Tuesday, June 18, 2013

Sarah Carr on the Obstacles of School Reform

This may win the most-idiotic-article-of-the-year award… Written by the author of a book on New Orleans schools post-Katrina, it does hit on very real racial issues that are an obstacle to reform, but rather than address this up front, it just makes a whole bunch of random, defamatory assertions, without a shred of evidence to back them up… I wish I had time to rebut this line by line – maybe somebody else will…

New Orleans may be the extreme test case, but reforms like these are reshaping public education across the country. The movement is rooted in the notion that “fixing” schools is the strongest lever for lifting communities out of poverty. The criminal justice and health care systems may be broken, living-wage jobs in short supply, and families forced to live in unstable or unsafe conditions. But the buck supposedly stops in the classroom. Thus teachers can find themselves charged with remedying an impossibly broad set of challenges that go far beyond reading at grade level.

In New Orleans, this single-minded focus on school improvement has given new hope to many low-income families, but it has also destabilized the broader community in some unanticipated ways. Consider the cost to many veteran educators, who formed the core of the city’s black middle class. After the flood, officials fired 7,500 school employees. An unknown number were ultimately rehired by the reconstituted traditional and charter schools, but they often found themselves working in a very different environment.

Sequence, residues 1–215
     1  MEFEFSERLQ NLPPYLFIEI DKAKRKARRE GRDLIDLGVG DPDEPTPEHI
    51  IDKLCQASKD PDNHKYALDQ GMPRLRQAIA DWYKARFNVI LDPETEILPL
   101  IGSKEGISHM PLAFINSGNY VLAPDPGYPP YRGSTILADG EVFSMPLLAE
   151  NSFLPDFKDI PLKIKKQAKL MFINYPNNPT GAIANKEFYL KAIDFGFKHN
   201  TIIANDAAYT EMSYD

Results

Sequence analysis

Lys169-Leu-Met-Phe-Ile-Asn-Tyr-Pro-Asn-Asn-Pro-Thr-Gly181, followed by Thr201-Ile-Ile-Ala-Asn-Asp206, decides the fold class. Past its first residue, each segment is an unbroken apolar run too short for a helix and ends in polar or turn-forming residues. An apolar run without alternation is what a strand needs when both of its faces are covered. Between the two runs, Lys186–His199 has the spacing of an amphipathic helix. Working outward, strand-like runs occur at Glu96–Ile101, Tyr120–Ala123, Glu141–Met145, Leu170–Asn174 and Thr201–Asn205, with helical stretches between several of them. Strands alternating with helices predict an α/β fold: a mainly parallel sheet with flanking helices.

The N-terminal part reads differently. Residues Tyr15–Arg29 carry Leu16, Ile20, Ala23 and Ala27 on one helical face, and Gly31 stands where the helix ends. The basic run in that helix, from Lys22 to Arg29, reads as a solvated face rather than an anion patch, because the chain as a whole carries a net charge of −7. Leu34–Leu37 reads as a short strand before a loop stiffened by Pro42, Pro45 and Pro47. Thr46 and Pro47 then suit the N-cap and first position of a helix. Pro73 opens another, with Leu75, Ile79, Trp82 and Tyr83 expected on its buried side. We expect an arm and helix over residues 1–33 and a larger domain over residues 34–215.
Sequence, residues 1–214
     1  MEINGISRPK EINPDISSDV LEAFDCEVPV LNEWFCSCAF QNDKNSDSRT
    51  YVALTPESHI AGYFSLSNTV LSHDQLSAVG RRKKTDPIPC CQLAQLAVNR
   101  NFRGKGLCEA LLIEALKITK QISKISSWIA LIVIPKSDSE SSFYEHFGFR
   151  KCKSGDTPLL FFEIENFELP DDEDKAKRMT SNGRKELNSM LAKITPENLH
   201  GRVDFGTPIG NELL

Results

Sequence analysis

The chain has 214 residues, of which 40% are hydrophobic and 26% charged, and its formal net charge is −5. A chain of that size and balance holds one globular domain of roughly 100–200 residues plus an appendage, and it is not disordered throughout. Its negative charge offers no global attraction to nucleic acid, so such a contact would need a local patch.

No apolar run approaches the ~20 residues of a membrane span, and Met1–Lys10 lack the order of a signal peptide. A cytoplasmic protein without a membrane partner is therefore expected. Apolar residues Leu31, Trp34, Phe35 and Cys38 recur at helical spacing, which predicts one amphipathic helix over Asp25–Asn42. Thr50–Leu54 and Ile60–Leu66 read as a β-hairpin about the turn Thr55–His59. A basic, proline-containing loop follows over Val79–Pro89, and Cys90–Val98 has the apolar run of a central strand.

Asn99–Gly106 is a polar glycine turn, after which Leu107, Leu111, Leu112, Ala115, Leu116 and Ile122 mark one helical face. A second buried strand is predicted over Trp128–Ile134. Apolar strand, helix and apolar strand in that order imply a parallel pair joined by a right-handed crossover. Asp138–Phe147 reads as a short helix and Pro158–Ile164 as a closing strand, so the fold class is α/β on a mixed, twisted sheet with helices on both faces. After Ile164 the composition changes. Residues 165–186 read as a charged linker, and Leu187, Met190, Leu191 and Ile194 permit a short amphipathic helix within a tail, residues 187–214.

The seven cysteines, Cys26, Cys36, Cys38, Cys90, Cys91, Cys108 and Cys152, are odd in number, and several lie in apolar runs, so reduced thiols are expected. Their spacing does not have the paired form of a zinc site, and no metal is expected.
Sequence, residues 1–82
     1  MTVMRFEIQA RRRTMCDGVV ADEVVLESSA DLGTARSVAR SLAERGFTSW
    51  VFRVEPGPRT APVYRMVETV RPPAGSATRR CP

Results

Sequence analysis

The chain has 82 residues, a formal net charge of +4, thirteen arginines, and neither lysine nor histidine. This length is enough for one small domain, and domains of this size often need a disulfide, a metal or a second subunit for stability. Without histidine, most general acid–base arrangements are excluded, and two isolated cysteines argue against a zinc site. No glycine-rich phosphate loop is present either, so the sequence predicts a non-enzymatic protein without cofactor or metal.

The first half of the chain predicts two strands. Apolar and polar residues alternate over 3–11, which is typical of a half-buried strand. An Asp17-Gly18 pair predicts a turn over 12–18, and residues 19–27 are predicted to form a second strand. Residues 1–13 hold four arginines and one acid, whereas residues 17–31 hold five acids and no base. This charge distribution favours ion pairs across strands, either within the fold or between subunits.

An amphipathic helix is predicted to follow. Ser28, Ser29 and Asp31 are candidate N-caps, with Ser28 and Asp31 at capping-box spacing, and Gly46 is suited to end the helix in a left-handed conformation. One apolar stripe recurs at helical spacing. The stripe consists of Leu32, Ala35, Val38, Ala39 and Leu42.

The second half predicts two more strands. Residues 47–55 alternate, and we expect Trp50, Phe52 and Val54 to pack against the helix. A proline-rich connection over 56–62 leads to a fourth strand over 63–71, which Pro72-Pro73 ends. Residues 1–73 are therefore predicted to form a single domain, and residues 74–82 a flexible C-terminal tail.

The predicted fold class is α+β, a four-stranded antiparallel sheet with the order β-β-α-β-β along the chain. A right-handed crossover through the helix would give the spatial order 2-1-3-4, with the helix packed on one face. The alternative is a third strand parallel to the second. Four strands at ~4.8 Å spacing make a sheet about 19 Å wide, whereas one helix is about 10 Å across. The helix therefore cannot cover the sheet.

The growth in charter schools has fostered an unrelenting focus on preparation for standardized tests and college. Some classes begin with students as young as 5 chanting: “This is the way — hey! — we start the day — hey! We get the knowledge — hey! — to go to college — hey!” At the end of the summer, this year’s incoming kindergartners will most likely be told that they are members of the class of 2030, for the year they will graduate from college.
The obstacles that stand in the way of this goal — poverty, trauma, parental ambivalence — are considered “excuses” that must not distract from the quest. Watching this mentality play out in the lives of families and educators can be both inspiring and frightening.

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